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How To Become A Runner When You Hate Running

Remember back in high school, when your dreaded gym class began with a lap or two around the track? Remember faking an injury or ailment to get out of it because the thought of having to run for longer than two minutes made you want to curl up into a ball and cry? I cannot be the only one who felt that way, right?

I can still remember the group of popular girls, all soccer players or dancers, genetically predisposed for athletic excellence and making other girls feel bad about themselves. Running a lap was child’s play to them and they did it with such ease that it was laughable. Indeed, they would laugh and chat with each other about the various parties they would be attending that weekend, what they would wear, and all the while easily running laps.

I’m speculating of course, because, as you’ve probably gathered from my tone, I was not running alongside them. I was a terrible runner. And this is said without an ounce of exaggeration or self-deprecation because you have to acknowledge where you are before you can improve. I would begin to lightly jog and think, “oh hey, this isn’t so bad,” and like clockwork, after about twenty seconds, my thoughts would transform into,  “Dear God, this is what it feels like to die slowly. Not only is my body breaking down but my brain is beginning to eat itself from sheer boredom. Someone tell my family I love them.”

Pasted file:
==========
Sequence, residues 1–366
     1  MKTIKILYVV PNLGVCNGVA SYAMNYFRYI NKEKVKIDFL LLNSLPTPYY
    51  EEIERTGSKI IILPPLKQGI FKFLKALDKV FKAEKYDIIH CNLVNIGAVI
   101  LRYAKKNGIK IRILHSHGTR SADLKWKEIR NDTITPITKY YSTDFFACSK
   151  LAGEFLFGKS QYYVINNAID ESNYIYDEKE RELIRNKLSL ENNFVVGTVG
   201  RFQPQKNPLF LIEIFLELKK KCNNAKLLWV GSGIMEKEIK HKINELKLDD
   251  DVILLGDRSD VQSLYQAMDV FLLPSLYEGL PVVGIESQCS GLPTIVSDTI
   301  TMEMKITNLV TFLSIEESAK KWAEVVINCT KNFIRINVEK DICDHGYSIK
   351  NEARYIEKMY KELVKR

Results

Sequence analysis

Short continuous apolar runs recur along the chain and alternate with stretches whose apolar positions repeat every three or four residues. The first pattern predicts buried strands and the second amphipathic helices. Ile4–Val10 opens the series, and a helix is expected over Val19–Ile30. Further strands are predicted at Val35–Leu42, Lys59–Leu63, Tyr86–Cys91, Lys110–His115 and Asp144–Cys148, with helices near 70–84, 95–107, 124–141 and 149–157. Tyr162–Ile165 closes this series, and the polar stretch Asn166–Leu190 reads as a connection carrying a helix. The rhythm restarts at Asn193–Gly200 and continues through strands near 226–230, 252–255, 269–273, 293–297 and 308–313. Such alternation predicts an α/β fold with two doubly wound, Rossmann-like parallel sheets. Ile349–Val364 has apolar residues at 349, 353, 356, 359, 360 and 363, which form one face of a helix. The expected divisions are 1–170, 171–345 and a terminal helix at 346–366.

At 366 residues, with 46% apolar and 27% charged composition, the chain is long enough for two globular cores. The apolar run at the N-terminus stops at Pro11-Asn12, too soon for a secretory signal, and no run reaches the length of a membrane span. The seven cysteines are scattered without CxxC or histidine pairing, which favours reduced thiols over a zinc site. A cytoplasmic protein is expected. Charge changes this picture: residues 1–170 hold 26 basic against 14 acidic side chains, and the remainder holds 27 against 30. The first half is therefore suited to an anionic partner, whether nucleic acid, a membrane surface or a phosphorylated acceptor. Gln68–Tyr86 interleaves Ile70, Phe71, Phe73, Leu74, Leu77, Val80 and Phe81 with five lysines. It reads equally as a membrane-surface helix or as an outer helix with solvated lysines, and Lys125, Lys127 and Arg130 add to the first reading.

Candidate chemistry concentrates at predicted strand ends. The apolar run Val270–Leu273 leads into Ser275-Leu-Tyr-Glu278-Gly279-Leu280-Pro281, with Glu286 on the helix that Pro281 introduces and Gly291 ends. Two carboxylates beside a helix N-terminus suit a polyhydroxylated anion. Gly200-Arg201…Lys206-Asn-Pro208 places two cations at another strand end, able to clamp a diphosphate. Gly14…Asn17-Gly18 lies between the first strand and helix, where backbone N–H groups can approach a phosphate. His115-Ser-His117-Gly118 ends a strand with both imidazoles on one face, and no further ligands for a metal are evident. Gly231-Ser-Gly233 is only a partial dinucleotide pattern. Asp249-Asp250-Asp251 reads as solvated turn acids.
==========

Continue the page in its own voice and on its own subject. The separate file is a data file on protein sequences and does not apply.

I am not a natural-born athlete. I have rhythm and coordination, so I was an ok dancer but never dedicated myself to it long enough to excel. Also, I was too sensitive to deal with a small classroom of little girls. I retired from my soccer career at age five and my softball career at age six. I tried every extracurricular activity under the sun but nothing stuck.

My lack of athleticism has always bothered me. I have made great strides in loving myself exactly as I am and refuse to diet or go to extreme measures to be something I’m not. But I still yearn to excel at something physical and challenge myself to do something I haven’t done before.

Which brings me back to running. I hate running. There are no two ways around it. It is hard and it is boring. I have never met this elusive “runner’s high” everyone goes on about and I doubt I ever will. And yet, oddly, I want to run. I do not want to let running beat me. As a point of pride, I will at least become a better runner than I am right now. I am not the same girl I was in high school. I am stronger and know what I am capable of. Running is something that eludes me and is therefore something I want to capture myself.

I’ve signed myself up for a 5k and have begun to train for it. Big move? Probably, because it has been awful so far. I can’t lie, I do not love that hour spent at the gym and it takes me awhile to talk myself into going everyday. I guess I’m still in the bargaining phase. But I know how proud of myself I’ll be once I’ve reached that finish line. It will be a gift to the high school version of myself still lying dormant inside of me, feeling left behind in gym class. We are all capable of so much more than we think we are and I’m anxious to see what my body’s able to achieve. I’m going to keep running towards that feeling.

Featured image via Dylan Alcock on Unsplash



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